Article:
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Some questions regarding argentium


#1

Hi all

we now have Argentium in Australia. Some questions.

Is it firescale free?
Is it good for bezels?
Can it be reticulated?
Is is good for holloware?
Where can I buy the Argentium stamp in Australia?
A flying unicorn is so cool.

All the best
Richard


#2

Hi Richard,

I was lucky enough to do a workshop with Cynthia Eid earlier this
year, where she introduced us to Argentium.

I love the stuff - it really is like mithral from LOTR :slight_smile:

It was so nice to work with, I’ve been hanging out for it to appear
on A&E’ssite :slight_smile:

BUT - & this is an important but - it does differ to sterling when
you workit in a few ways. There’s a nice blurb on working with
Argentium both here on Orchid, & also on the Rio Grande site

http://www.ganoksin.com/gnkurl/ep81bv

Cindy also didan article in the September 2006 ed of Art Jewelry mag.

I think a few early adopters got annoyed with it because they
treated it like normal 925 & it got horribly brittle or slumped.

A few key points:

  • gauge annealing by marking it with a black Sharpie (& yes, it HAS
    to be the Sharpie brand & it has to be black ink) & when the mark
    fades, it’s annealed. If you anneal it like normal 925 (either by
    colour change or flux change) you’ll overcook it & it will be
    horribly brittle

  • WAIT to quench it - it retains heat much longer than normal 925

  • use liquid flux, not paste

  • it does not conduct heat like normal sterling. When soldering, it
    behaves more like gold. So after a quick warm up, focus on the join.

  • it is fragile when red hot, so ensure any sheet is adequately
    supported, &don’t go prodding & poking with your solder pick - set
    it up with binding wire etc instead.

  • it needs contact with air to develop the protective germanium
    oxide layer.

Check out the pdf at Rio Grande (it’s written by Cindy) for lots
more info.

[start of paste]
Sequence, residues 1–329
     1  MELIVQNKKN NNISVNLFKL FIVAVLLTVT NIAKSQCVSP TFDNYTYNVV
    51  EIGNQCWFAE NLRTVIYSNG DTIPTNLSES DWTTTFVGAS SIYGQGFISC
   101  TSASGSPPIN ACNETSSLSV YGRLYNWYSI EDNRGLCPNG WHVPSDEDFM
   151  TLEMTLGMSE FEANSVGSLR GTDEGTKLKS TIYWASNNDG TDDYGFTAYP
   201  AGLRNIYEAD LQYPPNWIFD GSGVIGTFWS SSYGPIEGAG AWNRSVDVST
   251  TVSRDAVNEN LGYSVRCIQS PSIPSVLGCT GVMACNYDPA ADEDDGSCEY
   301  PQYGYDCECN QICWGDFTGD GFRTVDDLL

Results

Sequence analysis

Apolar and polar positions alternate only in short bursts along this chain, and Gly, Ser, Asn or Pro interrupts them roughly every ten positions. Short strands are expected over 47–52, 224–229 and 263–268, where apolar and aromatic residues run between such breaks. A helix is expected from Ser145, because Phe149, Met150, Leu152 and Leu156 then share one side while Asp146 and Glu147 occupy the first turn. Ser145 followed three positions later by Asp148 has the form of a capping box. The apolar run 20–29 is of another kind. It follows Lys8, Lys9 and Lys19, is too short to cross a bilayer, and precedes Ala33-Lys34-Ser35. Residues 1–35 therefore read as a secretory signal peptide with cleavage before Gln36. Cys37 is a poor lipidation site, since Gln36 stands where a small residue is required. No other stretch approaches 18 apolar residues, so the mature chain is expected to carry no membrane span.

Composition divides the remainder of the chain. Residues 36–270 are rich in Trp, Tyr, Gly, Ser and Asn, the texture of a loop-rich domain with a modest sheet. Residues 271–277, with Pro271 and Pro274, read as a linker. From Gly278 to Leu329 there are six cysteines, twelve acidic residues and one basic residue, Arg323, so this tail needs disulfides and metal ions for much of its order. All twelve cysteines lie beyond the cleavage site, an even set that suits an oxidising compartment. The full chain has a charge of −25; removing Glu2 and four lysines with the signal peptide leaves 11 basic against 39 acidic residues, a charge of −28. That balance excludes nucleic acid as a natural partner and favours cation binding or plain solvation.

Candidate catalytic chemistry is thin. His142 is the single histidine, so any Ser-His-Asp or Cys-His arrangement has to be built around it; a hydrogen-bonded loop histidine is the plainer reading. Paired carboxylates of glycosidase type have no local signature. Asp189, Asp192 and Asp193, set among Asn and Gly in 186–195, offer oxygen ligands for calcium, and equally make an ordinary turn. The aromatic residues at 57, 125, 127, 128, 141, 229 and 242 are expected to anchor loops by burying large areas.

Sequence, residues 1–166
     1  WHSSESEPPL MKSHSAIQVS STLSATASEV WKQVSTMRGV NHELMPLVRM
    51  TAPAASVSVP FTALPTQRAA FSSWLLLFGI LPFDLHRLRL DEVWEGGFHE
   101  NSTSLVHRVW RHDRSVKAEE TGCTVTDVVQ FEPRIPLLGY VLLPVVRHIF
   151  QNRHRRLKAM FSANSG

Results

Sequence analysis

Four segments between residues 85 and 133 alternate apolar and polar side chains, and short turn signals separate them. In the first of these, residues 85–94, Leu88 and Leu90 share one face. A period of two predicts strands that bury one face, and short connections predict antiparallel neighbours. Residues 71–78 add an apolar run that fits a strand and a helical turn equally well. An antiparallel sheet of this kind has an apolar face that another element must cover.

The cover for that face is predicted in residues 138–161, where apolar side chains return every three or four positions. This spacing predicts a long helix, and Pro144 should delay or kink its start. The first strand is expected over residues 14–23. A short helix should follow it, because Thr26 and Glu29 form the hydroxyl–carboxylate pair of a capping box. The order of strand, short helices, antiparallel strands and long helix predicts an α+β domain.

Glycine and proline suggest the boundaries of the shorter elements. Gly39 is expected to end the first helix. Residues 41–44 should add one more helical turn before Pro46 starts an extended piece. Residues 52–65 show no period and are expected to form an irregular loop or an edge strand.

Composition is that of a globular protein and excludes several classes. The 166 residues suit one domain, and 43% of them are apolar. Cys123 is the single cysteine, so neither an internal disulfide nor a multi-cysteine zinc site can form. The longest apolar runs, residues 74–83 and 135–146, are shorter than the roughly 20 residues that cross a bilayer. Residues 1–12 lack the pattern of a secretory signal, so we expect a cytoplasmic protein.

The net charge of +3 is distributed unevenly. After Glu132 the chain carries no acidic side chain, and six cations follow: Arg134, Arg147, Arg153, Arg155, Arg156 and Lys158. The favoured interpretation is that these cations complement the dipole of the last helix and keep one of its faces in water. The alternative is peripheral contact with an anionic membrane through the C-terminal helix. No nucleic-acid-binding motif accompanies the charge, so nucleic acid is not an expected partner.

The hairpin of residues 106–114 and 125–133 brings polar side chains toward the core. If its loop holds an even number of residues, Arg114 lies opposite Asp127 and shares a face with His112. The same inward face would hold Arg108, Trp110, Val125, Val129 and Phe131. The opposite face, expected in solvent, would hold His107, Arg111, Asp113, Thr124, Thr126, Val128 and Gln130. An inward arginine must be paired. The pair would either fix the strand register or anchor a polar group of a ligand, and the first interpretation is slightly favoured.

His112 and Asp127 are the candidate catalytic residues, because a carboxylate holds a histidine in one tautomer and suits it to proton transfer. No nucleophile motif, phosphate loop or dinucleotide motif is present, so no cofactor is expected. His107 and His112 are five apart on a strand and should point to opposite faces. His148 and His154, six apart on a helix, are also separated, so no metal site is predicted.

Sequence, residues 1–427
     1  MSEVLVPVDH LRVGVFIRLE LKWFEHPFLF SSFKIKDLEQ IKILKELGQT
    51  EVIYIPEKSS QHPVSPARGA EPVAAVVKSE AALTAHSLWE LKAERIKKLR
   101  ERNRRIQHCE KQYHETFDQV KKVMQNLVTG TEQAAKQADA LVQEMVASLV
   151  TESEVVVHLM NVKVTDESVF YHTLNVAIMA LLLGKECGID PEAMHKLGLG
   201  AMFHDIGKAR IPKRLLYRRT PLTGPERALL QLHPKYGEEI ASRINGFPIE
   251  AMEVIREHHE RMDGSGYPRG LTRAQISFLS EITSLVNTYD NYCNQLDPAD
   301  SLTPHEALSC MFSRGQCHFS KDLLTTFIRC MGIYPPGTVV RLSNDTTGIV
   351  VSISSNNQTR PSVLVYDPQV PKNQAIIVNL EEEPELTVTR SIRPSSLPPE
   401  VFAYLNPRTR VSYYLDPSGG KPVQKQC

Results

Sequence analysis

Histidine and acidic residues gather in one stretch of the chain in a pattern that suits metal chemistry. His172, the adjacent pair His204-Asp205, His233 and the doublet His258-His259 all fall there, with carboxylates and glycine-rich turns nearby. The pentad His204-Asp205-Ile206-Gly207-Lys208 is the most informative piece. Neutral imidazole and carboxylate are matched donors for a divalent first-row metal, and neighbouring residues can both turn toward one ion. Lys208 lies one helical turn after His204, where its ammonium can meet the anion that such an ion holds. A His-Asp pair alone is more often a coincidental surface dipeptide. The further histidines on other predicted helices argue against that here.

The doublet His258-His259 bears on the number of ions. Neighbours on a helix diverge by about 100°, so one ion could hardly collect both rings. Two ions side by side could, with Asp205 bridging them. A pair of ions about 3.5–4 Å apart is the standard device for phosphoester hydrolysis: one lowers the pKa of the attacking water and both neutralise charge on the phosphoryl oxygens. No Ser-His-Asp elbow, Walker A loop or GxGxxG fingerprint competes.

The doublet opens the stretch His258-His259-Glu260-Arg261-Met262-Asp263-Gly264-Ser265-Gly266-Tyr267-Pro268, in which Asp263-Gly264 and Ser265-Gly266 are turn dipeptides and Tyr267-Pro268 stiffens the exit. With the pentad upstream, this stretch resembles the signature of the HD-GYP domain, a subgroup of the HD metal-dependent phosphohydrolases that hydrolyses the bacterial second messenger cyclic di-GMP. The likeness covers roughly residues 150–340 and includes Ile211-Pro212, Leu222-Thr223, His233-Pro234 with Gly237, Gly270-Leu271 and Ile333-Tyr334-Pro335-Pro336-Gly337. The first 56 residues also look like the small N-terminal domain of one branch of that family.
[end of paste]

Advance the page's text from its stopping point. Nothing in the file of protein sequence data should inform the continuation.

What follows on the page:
I thinks it’s a gorgeous metal. It does get the surface cupric oxide
(CuO) but pickle removes this no dramas. But, oh joy of joys, no
cuprous oxide (Cu2O) - as long as you don’t inadvertently do
something to prevent the protective germanium oxide layer forming e.
g. enclosing it when heat hardening.

And it fuses AND granulates like a dream!!!

Enjoy :slight_smile:


#3

Not at all familiar with your “turf”, I am in Northern Wisconsin,
USA (think frozen tundra/Green Bay Packers) so no clue as to who
sells down under. I think, based on your posts, that you will love
this metal. It works beautifully and you will not get fire-scale
associted with traditional sterling.

One needs to “relearn” a bit as it can slump at times and clamping
in a third hand, or similar can be problematic as it can be brittle
at soldering temps. It fuses beautifully and works like
regularcsterling for the most part. I know you will get input from
those more knowldgeable, but I love this metal.

Also. Thanks for your posts. Always enjoyable. I like the "attitude"
and edge! Sound like the kind of person that I would enjoy a beer
(or six) with! And. yes, your work with underprivildged children is
most heartening, it is the measure of civility as most are written
off as not worthy. I taught 13 years in a Residential treatment
center, worst of the worst, with no regrets.


#4

Hi all

I am waiting for my Argentium, but I will just make some comfort fit
round rings and some mobius rings.

Will try fusing and if that fails will use Argentium easy solder.

I have heard a lot of negatives about working Argentium. Note not
from silversmiths but hobby people and goldsmiths.

Goldsmiths go in hot and fast, no firescale.

Silversmiths tell me it can be a steep learning curve but not
impossible and with practise easier than sterling and superior in
every way.

Silversmithing is gentle/subtle when fabricating to avoid firescale
as much as possible. I use my torch on silver like a paint brush.

If you have been trained to work silver you can easily work high
karat gold alloys with just a little change in the size of solder
pieces. But if you have been trained to work in gold it is not as
easy to swap to silver. This is why it is good to be trained in both
metals.

Now some who work in gold look down on silversmiths because it is a
less expensive metal. Seems strange to me both metals are unique in
their own way. In ancient Egypt silver was much more valuable than
gold as it was rarer. Poor babies so much gold to play with.

If you think you are superior because you “only” work gold two words
Georg Jensen LOL. Actually one word will do “Torun” my favourite
designer of all time the skill, quality and out look on the
universe.

I like the challenge of silver but also like very much to work in 18
kt yellow.

Then we have those who work in the most amazing metals, Titanium is
way far cool and those Japanese alloys are really cool too too few
hours to play with them all.

All the best
Richard